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How to save $17,000 when selling your property

Bianca Hartge-Hazelman, Financy
·Contributor
·4-min read
(Source: Getty)
(Source: Getty)

The coronavirus pandemic is driving up demand among buyers for residential property, and private home-sellers in regional areas could be the biggest winners.

According to property data group CoreLogic, the median house price in Australia is $559,254. If we assume 2-3 per cent is payable in real estate agent commissions, that’s roughly $14,000 to $17,000 that you could expect to pay an agent or pocket yourself, if you sell privately.

Timing is everything when selling property and right now there’s a number of things in favour of home sellers, particularly those in regional areas.

These are:

  • The seachange and tree-change phenomenon: A record number of people (over 10,000) made the move to regional areas in the June quarter, according to migration figures from the Australian Bureau of Statistics.

  • Working from home: Covid’s mandatory lockdowns and improved technology have made it more acceptable and effective to work from home.

  • Covid fear: that feeling of uncertainty has resulted in there being fewer property listings on the market, according to Corelogic. This has increased demand among buyers for existing supply.

  • Government incentives such as the $25,000 home builders grant are increasing the level of interest among buyers to buy cheaper property and build or renovate properties, particularly under a total cost of $750,000.

  • Record low interest rates is also keeping borrowing costs low.

In addition to this, regional house prices are now outperforming capital city prices on a quarterly and annual basis.

“The market is becoming more favourable to sellers,” said Eliza Owen, CoreLogic research principal. “Regional Australia is now outperforming the capital city market.”

The latest CoreLogic indices show values across the combined regional market increased 4.8 per cent over the year, compared with 3.7 per cent across the capital cities.

But selling property privately in Australia isn’t as popular as it is overseas and this is generally put down to the assumption that the process is complicated.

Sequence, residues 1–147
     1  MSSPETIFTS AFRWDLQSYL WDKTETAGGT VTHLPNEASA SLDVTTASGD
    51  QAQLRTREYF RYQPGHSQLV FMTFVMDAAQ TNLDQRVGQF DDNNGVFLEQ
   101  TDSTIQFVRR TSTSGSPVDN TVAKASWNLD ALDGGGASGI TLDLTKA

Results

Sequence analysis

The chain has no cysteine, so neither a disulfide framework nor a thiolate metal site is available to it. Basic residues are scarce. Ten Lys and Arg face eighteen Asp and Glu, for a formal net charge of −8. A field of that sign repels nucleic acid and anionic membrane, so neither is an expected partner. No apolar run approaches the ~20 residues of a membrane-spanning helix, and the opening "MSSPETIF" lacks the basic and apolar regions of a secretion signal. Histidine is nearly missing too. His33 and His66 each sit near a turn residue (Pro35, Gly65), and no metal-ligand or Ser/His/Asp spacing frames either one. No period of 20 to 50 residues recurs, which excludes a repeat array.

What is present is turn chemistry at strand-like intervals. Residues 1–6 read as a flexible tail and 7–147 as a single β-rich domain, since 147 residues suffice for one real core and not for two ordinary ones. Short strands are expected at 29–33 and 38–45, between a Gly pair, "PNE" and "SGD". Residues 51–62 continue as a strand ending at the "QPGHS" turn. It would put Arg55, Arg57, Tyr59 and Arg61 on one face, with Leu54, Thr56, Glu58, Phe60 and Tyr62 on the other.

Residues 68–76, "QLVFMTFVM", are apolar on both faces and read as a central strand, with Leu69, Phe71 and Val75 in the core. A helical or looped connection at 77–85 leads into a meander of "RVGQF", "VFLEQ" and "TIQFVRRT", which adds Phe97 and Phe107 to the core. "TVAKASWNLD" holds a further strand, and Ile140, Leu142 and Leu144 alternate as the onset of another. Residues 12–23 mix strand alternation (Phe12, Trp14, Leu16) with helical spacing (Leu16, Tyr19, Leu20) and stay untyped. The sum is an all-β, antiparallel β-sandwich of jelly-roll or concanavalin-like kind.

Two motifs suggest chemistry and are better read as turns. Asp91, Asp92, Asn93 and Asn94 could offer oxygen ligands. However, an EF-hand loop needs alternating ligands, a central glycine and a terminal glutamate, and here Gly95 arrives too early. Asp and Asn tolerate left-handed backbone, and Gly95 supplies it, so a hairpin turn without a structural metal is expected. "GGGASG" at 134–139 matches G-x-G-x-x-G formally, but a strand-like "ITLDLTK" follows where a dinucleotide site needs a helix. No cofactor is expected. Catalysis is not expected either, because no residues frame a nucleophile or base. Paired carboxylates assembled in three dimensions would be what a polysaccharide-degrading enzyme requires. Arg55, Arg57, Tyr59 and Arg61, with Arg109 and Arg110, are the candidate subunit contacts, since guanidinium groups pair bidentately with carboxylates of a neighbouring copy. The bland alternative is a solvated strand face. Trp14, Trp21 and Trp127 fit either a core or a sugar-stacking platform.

In the United Kingdom, around 20 per cent of people sell their own property, 40 per cent do so in the United States yet less than 10 per cent do so in Australia, according to Agent in a Box co-founder Craig Jarvis.

“I am somewhat surprised that more Australians aren’t selling property themselves,” he said.

“Most people in Australia believe it is a complicated undertaking when it’s not. It is a six step process that includes you engaging with a solicitor or lawyer to draw up a contract for sale.”

Jarvis said the six critical steps you need to follow when selling property yourself:

  1. Price the property to attract buyers;

  2. Present property to impress buyers;

  3. Promote the property to reach buyers;

  4. Qualify the buyers who respond to your marketing;

  5. Engage with the buyers at inspections and talking to them; and

  6. Negotiate the deal.

But the window of opportunity for sellers is impossible to hold onto forever and if it does close it may strengthen the case of selling privately to save on agent commissions in a low growth economic environment.

Many mortgage loan repayment holidays are set to come to an end before the Christmas this year, which could put the pressure on many home owners to sell amid predictions that loan delinquencies could rise.

Such a development, combined with slowing population growth could increase supply relative to demand.

“The current market has no baring if you want to sell your home. It doesn’t matter if it is a seller’s market today or a buyer’s market,” said Jarvis.

“It is purely about understanding the number one rule of property and that is buyers follow property, they do not follow agents. It is no different to selling your car privately, except with a bit more support.”

Bianca Hartge-Hazelman is the author of the Financy Women’s Index and founder of women’s money website financy.com.au. She is also a proud contributor and supporter of Yahoo Finance’s Women’s Money Movement.

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